TRUMP RESPONDS TO SYRIAN CHEMICAL ATTACK ON CENTENNIAL OF U.S. ENTRY INTO WORLD WAR I
by Sharon Rondeau
Eight months after declaring war on Germany, the U.S. declared war against the Austro-Hungarian Empire.
Although first remaining neutral in the war, Wilson told Americans that the U.S.’s entry into the conflict would “make the world safe for democracy.”
A total of 116,516 Americans were killed.
The centennial of the nation’s entry into “The Great War” was recognized by several mainstream media outlets, including Fox News, the Baltimore Sun, and the San Antonio Express. article which appears to have no connection with the air strikes ordered by President Donald Trump on the evening of April 6, 2017 against Syria in response to a chemical-weapons attack carried out against Syrians in a hospital run by Syrian “rebel” groups.
Chemical warfare was an “innovation” of that war.
The Syrian Civil War has been ongoing since the early days of the “Arab Spring” which was touted as a catalyst of greater democratic freedoms in the Middle East. During the six-year period, tens of thousands of Syrians and others have been killed. The civil war gave rise to the terrorist group known as ISIS, which has committed Christian genocide and the killing and enslaving of thousands of Iraqis and other religious minorities in the region.
According to the United Nations, the upheaval in Syria has generated over five million refugees.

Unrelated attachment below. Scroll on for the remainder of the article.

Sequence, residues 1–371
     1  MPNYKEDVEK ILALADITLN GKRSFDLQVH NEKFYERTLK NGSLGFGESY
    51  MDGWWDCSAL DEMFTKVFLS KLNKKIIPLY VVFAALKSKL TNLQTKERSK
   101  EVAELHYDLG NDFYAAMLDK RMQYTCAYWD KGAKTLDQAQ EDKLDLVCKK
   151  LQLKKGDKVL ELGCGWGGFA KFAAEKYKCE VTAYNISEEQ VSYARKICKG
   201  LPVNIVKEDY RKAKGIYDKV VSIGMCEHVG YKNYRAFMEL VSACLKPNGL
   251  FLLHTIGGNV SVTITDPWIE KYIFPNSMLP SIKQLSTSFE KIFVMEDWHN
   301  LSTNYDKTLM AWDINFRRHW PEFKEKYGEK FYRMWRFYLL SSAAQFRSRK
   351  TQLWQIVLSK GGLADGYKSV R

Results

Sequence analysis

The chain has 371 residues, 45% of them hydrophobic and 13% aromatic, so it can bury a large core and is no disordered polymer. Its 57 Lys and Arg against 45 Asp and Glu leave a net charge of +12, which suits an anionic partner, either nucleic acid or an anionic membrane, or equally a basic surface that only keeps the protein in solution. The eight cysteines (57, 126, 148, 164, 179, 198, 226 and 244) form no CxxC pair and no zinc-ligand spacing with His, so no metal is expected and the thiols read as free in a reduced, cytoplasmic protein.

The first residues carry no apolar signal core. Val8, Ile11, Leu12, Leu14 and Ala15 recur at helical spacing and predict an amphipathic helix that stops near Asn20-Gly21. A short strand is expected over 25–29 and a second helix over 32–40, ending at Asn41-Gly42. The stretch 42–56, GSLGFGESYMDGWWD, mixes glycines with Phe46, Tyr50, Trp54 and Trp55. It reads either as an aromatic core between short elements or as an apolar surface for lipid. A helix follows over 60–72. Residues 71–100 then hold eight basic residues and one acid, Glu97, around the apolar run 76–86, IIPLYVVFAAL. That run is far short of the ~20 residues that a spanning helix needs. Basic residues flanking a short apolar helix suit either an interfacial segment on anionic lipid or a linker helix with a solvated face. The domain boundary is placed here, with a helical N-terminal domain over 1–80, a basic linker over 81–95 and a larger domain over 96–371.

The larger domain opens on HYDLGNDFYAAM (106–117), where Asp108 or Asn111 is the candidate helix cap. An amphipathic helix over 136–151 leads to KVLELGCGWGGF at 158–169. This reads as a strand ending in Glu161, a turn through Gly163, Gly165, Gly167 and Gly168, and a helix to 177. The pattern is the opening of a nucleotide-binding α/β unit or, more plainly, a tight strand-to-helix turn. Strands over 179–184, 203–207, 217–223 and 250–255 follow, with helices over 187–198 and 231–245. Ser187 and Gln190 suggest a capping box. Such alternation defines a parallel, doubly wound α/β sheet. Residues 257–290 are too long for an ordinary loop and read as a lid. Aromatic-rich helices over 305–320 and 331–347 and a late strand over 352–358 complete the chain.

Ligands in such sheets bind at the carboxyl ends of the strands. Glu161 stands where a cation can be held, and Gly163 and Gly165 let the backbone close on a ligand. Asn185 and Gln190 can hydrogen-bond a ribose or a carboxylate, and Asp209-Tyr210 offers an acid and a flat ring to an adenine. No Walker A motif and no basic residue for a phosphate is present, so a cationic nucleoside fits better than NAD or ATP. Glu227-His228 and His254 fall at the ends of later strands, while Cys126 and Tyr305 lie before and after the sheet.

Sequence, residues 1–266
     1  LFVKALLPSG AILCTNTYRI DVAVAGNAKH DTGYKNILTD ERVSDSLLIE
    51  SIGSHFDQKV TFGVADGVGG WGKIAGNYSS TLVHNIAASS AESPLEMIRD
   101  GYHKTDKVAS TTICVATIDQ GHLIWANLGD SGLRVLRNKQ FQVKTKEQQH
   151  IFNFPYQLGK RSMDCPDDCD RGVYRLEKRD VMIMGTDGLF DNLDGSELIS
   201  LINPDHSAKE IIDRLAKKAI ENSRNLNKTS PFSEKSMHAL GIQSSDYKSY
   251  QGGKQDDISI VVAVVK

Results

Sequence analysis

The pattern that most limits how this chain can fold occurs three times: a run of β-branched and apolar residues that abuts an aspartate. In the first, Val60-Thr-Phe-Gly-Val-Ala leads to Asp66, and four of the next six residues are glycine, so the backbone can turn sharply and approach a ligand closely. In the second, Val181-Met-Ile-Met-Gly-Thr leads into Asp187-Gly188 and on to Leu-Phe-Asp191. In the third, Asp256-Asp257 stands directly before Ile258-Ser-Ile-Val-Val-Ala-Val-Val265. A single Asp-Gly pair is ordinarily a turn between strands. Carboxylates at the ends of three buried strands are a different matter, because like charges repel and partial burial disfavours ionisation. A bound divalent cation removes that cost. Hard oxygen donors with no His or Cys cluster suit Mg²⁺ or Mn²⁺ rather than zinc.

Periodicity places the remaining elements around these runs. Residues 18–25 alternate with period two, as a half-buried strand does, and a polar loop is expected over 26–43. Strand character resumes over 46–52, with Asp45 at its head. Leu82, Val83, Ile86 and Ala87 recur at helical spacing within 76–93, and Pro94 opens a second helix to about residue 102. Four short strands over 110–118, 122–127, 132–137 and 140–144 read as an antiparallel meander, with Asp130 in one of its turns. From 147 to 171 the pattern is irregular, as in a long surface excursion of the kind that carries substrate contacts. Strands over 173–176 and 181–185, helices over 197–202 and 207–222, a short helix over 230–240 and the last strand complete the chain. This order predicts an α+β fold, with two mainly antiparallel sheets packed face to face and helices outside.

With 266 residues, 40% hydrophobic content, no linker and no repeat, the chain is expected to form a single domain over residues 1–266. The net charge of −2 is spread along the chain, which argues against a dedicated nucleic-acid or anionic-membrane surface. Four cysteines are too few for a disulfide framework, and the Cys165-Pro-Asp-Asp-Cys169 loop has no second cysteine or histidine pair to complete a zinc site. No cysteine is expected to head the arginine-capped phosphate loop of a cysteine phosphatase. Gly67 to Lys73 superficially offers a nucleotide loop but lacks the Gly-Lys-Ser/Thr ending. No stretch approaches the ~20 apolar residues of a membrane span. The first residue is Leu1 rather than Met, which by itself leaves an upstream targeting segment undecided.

A Christian Iraqi priest has announced that he will be celebrating mass this Palm Sunday, April 9 at an ISIS-“ravaged” church for the first time in three years.
Under Obama, various factions known as “rebel” groups received support from the U.S.
Following Tuesday’s sarin-gas attack, Trump berated his predecessor, Barack Hussein Obama, for having to uphold his “red line” pledge after aside reportedly used chemical weapons against the Syrian people in 2013, although Trump was vehemently opposed to air strikes at the time.
On Twitter on Friday, many people who supported Trump during his presidential campaign expressed opposition to his decision to order the air strikes on the Shayrat Air Base in Homs Province. According to intelligence sources, the chemical attack was launched from that location reportedly by Syrian dictator Bashar al-Assad, who sought to cripple the rebel groups attempting to overthrow his government.
“Using a deadly nerve agent, Assad choked out the life of innocent men, women and children. It was a slow and brutal death for so many, even beautiful babies were cruelly murdered in this very barbaric attack…” Trump began his address from his Mar-a-Lago resort in Florida.
He said it was in the “vital, national security interest of the United States” that he ordered the air strikes “to prevent and deter the spread and use of deadly chemical weapons.” He further called on “all civilized nations” to form a coalition with the U.S. to “end the slaughter and bloodshed in Syria” as well as to combat global terrorism.
“And we hope that as long as America stands for justice, that peace and harmony will in the end prevail” was among Trump’s closing remarks.
Both praise and criticism of Trump’s action continued at the same time that the confirmation by the U.S. Senate of Judge Neil Gorsuch to the U.S. Supreme Court took place. Gorsuch will fill the vacancy left by Antonin Scalia upon his death in February 2016.